THE TRIP 2002

 

Year

Date

City

Ballpark

Home Team

Visiting Team

Score

WP

LP

S

HR

HOF

Other Players of Note

2002

August 3

Pittsburgh

PNC Park

Pirates

Giants

6-11

Jason Schmidt

Kip Wells

 

Barry Bonds

Jeff Kent

J.T. Snow

Brian Giles

Barry Bonds

Kenny Lofton

Rich Aurilia

Jeff Kent

Jason Kendall

Highlights:  As the HSL crew lapped up the atmosphere of beautiful new PNC Park, Barry Bonds and Company took it to the Pirates, scoring early and often.  The Giants posted a two-spot in the top of the first and never looked back.  Barry Bonds hit a three-run shot in the top of the third, and Jeff Kent and J.T. Snow later added solo shots for the Giants.  Brian Giles hit a three-run tater in the bottom of the eighth as the Pirates scored five runs in that inning to close to within 9-6, but could do no further damage.  Jason Schmidt pitched 7-1/3 innings of seven-hit ball, but had the plug pulled on him after Giles took him deep in the eighth.

 

2002

August 4

Pittsburgh

PNC Park

Pirates

Giants

5-10

Kirk Rueter

Kris Benson

 

David Bell (2)

J.T. Snow

Reggie Sanders

Rich Aurelia

Barry Bonds

Craig Wilson (2)

Barry Bonds

Reggie Sanders

Shawon Dunston

Brian Giles

Aramis Ramirez

Highlights:  For the second day in a row, the visiting Giants punched out the hometown Pirates, blasting out six home runs and a total of sixteen hits.  J.T. Snow went two-for-four with five runs batted in to pace the Giants, while Bonds went three-for-four and scored three times, also reaching base on a walk.  Craig Wilson jacked two longballs for the Pirates and drove in four, but had little help from his teammates.  Kirk Rueter pitched 5-1/3 innings of five-hit ball, yielding four earned runs.  Kris Benson also went 5-1/3, but gave up seven earned runs on eight hits and two walks.

 

 

STEEL CITY REMEMBERED

 

     Although the humorous but often boastful and self-serving Itchie often reports on the happenings on HSL Trips (to the extent that his alcohol-soaked memory brain cells enable him), because of my concerns over his tendency for hyperbole and my fear of potential misrepresentations of fact, I am taking upon myself to recount for all of you the events of the weekend past.  First, a high-five to Itchie for his most excellent work in lining up air arrangements, accommodations and game tickets for our merry band.  The Trip went off without a hitch or a hiccup, and our collective costs for the entire weekend probably amounted to less than the rental fee for the gilded 32-passenger van last year in Milwaukee.  If Itchie’s other career opportunities continue to dry up like my drought-stricken lawn, he has a bright future as a travel agent for Carlson Wagonlit Tours, or where have you.  Well done, Brother Itchie, well done.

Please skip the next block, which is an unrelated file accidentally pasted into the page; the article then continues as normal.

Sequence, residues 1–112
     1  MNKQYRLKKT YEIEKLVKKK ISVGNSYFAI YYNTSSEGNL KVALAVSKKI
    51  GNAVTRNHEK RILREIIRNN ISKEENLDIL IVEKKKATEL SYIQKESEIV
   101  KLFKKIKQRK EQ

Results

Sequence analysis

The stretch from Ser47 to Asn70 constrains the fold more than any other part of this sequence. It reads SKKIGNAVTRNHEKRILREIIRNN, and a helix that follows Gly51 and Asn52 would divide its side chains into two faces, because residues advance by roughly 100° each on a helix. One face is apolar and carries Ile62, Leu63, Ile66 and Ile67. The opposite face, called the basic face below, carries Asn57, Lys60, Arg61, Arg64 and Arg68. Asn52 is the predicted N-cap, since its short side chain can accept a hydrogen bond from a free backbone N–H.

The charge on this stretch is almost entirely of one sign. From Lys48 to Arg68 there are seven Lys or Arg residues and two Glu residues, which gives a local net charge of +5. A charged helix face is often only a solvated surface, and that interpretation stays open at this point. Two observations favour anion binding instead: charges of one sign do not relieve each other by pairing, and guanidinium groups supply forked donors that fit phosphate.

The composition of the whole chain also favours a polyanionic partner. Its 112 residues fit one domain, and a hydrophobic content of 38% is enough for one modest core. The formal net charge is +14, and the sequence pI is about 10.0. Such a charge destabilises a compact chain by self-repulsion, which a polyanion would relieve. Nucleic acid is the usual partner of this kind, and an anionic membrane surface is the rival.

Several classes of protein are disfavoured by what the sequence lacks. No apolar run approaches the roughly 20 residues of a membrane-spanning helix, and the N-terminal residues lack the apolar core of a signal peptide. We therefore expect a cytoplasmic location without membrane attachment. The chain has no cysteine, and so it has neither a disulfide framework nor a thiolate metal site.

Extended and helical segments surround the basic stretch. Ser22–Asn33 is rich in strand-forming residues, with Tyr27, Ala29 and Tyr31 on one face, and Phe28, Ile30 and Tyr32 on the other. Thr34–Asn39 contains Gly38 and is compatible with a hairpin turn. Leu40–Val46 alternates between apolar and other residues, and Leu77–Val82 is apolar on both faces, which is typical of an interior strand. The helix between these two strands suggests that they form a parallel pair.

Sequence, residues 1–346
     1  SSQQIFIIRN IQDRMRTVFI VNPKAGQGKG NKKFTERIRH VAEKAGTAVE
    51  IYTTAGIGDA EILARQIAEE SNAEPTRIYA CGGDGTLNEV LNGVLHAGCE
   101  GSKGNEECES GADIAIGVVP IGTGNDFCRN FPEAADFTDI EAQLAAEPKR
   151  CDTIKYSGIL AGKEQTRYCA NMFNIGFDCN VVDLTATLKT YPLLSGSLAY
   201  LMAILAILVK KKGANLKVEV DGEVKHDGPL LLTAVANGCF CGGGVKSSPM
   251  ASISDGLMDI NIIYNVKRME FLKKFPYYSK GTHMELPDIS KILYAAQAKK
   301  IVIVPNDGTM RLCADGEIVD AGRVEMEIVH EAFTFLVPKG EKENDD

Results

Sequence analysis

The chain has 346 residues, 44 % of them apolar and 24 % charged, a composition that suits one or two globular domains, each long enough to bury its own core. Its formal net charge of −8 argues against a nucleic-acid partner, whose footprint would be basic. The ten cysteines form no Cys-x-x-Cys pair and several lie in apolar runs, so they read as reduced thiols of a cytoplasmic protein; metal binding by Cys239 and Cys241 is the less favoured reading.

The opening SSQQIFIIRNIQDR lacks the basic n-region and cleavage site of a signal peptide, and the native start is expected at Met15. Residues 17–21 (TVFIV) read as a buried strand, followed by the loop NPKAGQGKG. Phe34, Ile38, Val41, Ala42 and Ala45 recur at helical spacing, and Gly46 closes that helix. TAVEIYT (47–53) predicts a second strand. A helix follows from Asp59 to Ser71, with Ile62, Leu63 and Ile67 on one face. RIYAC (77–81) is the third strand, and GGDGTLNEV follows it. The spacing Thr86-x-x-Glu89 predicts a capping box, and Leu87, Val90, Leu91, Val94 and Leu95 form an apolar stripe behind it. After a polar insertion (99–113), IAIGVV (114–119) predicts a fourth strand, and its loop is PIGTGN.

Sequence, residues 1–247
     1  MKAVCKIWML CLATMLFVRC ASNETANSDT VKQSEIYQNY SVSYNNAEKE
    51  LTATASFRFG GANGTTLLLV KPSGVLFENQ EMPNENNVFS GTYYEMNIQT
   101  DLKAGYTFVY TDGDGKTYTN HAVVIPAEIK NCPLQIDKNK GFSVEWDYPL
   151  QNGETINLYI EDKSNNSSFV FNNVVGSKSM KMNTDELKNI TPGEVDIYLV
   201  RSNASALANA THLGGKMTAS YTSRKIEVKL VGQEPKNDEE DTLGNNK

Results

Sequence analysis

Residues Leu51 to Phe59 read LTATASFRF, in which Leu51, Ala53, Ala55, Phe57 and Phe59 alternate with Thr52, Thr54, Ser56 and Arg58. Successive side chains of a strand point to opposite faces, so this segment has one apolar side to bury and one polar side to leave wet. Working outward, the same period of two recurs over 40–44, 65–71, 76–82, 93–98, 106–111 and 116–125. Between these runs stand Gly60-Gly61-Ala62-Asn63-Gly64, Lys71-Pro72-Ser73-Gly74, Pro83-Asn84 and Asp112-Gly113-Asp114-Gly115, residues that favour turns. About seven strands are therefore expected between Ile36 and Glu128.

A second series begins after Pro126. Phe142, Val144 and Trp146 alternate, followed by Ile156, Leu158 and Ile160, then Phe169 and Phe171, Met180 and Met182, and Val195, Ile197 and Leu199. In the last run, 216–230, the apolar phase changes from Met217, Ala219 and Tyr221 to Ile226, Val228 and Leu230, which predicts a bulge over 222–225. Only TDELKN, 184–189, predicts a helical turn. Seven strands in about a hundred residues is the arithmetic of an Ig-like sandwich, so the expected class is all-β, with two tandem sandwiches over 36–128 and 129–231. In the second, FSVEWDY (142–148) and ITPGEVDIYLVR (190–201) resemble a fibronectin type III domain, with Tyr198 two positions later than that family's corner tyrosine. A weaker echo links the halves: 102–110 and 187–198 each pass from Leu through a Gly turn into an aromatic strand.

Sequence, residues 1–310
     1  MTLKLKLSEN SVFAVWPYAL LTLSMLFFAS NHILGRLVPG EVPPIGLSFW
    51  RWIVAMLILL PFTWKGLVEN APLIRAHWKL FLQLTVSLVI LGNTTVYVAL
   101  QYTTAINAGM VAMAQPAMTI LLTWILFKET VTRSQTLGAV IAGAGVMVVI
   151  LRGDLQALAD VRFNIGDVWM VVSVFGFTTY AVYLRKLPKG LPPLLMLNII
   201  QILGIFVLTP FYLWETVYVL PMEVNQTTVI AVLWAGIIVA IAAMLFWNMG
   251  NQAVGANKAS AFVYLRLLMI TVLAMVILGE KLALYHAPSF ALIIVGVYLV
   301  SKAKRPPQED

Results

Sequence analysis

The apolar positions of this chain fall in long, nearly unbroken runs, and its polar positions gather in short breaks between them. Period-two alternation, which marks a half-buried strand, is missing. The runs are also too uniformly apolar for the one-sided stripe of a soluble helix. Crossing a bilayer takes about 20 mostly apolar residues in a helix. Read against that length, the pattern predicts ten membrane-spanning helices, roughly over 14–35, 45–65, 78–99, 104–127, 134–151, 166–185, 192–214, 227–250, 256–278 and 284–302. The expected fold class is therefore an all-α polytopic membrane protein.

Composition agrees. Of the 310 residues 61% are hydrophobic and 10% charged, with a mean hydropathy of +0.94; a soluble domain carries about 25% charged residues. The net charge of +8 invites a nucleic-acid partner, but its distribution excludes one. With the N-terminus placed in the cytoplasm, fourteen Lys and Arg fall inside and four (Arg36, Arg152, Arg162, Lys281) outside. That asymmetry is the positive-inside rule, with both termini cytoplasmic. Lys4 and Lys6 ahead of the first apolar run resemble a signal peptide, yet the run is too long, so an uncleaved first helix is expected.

Your league ambassadors thoroughly enjoyed the weekend junket to Pittsburgh and the new jewel of Two Rivers (see below) PNC Park.  Each of us now rate PNC in the top 10 of ballparks that the HSL has attended, with its beautiful brick and steel façade brilliantly situated on the shore of the lovely Alleghany River in the heart of downtown Pittsburgh.  Its strategic location gives it convenient pedestrian access to the downtown eateries and houses of libation, if not ill repute, and a stirring view of the impressive Pittsburgh skyline from virtually any seat in the house.  The unanimous opinion of we four is that there is no other ballpark with a better view of its surroundings than PNC, Coors Field not excepted.  Too bad the eight of you who don’t paddle your own canoes had to miss out on this one. 

 

RUN RIVER RUN

 

     After settling in at the lovely Pittsburgh Hilton, we naturally were curious as to whether the Steel City might have a place or two where a guy could wet his whistle, so we ventured out and found one, but not before encountering the crazed Internet lady.  After avoiding a clash with her, we enjoyed the first and second of many Saturday libations.  Properly refreshed and with several hours to kill before game time, we decided to expand our cultural and geographic horizons and embarked upon a tourist boat (photo) which, by no mere coincidence, served adult beverages.  And so with Itchie’s customary “Give ’er the gas, Cappy!” directive, we were on the water for our tour of the three rivers of Pittsburgh.  Or so we thought.

 

    As we learned from Cap’n Jimmy, our tour guide, while we traversed the rivers around downtown Pittsburgh in stupefying heat and humidity, there really aren’t three different rivers, but two which become one.  The Alleghany River from the north and the Monongahela from the south merge together on the western edge of downtown Pittsburgh, their confluence being referred to as the Ohio River.  This staggering revelation that in reality there are only two rivers that become one, and not three distinct waterways, came as a devastating blow to our sometimes naïve and simple-minded brother, Shamu*, who learned in Mrs. Martin’s geography class in the third grade that there were three rivers, and has dogmatically clung to this belief ever since.  Not since Meriweather Lewis got to the headwaters of the Missouri River and learned that there was an entire mountain range separating him from the start of the Columbia River has mankind seen such river-based disappointment and despair.  The rest of us thought that Shamu* was going to pack up his Stanley Steamer trunk full of Brut products and hail a cab to the airport for an immediate return flight to Omaha, but we were able to calm him down and help him deal with his bitter disappointment through the aid of copious quantities of alcohol.

 

     In my time, the only occasion I have seen Shamu* more disappointed was a certain episode at County Stadium in Milwaukee in which our beloved friend was temporarily separated from his free Brewer seat cushion and nearly suffered a crippling stroke.

 

     Shamu’s* river dance complete, we returned to our place of accommodation for a bit of relaxation before venturing to PNC Park.  This being perhaps the first time that I have ever shared quarters with McBlunder on a league trip, I learned something new about my dear friend.  His millhouse snoring is not limited to nocturnal emissions –– he is capable of sawing logs –– giant Sequoias –– at any time of the day, as he proved during his short afternoon nap.  I’m not even sure Stretch was asleep, but his not insubstantial proboscis was putting the Weyerhauser factory to shame and threatening the steel skeleton of the Hilton hotel.